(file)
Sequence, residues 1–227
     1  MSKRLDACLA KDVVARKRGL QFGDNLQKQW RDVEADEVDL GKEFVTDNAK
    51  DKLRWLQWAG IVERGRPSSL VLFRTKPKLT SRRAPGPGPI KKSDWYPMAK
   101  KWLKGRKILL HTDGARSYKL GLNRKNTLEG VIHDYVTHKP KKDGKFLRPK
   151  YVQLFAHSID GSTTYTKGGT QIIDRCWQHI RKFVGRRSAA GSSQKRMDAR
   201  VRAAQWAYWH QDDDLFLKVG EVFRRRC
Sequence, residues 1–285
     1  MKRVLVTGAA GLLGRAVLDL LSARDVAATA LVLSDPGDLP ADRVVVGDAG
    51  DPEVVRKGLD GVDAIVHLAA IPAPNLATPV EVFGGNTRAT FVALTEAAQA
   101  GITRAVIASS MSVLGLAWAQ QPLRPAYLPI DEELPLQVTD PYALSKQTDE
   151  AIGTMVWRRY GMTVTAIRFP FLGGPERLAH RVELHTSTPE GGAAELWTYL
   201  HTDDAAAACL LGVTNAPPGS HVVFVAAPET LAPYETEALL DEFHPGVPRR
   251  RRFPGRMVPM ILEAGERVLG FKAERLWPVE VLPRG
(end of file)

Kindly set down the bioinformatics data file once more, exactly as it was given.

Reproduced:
Sequence, residues 1–227
     1  MSKRLDACLA KDVVARKRGL QFGDNLQKQW RDVEADEVDL GKEFVTDNAK
    51  DKLRWLQWAG IVERGRPSSL VLFRTKPKLT SRRAPGPGPI KKSDWYPMAK
   101  KWLKGRKILL HTDGARSYKL GLNRKNTLEG VIHDYVTHKP KKDGKFLRPK
   151  YVQLFAHSID GSTTYTKGGT QIIDRCWQHI RKFVGRRSAA GSSQKRMDAR
   201  VRAAQWAYWH QDDDLFLKVG EVFRRRC
Sequence, residues 1–285
     1  MKRVLVTGAA GLLGRAVLDL LSARDVAATA LVLSDPGDLP ADRVVVGDAG
    51  DPEVVRKGLD GVDAIVHLAA IPAPNLATPV EVFGGNTRAT FVALTEAAQA
   101  GITRAVIASS MSVLGLAWAQ QPLRPAYLPI DEELPLQVTD PYALSKQTDE
   151  AIGTMVWRRY GMTVTAIRFP FLGGPERLAH RVELHTSTPE GGAAELWTYL
   201  HTDDAAAACL LGVTNAPPGS HVVFVAAPET LAPYETEALL DEFHPGVPRR
   251  RRFPGRMVPM ILEAGERVLG FKAERLWPVE VLPRG